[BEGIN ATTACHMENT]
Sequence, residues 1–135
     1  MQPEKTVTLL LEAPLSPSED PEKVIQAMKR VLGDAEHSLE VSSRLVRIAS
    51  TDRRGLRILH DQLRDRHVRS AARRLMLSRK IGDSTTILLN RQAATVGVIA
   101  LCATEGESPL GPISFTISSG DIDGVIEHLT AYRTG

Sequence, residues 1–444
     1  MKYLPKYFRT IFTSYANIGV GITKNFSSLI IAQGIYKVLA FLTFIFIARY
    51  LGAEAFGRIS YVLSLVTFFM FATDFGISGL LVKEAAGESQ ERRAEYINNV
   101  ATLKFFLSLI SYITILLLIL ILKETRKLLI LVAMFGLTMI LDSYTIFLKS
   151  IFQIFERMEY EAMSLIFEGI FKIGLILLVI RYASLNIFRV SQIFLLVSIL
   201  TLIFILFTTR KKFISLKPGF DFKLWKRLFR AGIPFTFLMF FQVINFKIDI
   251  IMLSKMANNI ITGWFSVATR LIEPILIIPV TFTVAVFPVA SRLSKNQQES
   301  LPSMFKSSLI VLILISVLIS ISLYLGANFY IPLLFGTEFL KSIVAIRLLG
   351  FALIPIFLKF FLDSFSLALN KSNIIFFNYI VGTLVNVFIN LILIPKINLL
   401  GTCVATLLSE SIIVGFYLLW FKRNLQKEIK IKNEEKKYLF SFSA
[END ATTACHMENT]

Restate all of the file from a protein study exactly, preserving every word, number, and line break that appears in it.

Sequence, residues 1–135
     1  MQPEKTVTLL LEAPLSPSED PEKVIQAMKR VLGDAEHSLE VSSRLVRIAS
    51  TDRRGLRILH DQLRDRHVRS AARRLMLSRK IGDSTTILLN RQAATVGVIA
   101  LCATEGESPL GPISFTISSG DIDGVIEHLT AYRTG

Sequence, residues 1–444
     1  MKYLPKYFRT IFTSYANIGV GITKNFSSLI IAQGIYKVLA FLTFIFIARY
    51  LGAEAFGRIS YVLSLVTFFM FATDFGISGL LVKEAAGESQ ERRAEYINNV
   101  ATLKFFLSLI SYITILLLIL ILKETRKLLI LVAMFGLTMI LDSYTIFLKS
   151  IFQIFERMEY EAMSLIFEGI FKIGLILLVI RYASLNIFRV SQIFLLVSIL
   201  TLIFILFTTR KKFISLKPGF DFKLWKRLFR AGIPFTFLMF FQVINFKIDI
   251  IMLSKMANNI ITGWFSVATR LIEPILIIPV TFTVAVFPVA SRLSKNQQES
   301  LPSMFKSSLI VLILISVLIS ISLYLGANFY IPLLFGTEFL KSIVAIRLLG
   351  FALIPIFLKF FLDSFSLALN KSNIIFFNYI VGTLVNVFIN LILIPKINLL
   401  GTCVATLLSE SIIVGFYLLW FKRNLQKEIK IKNEEKKYLF SFSA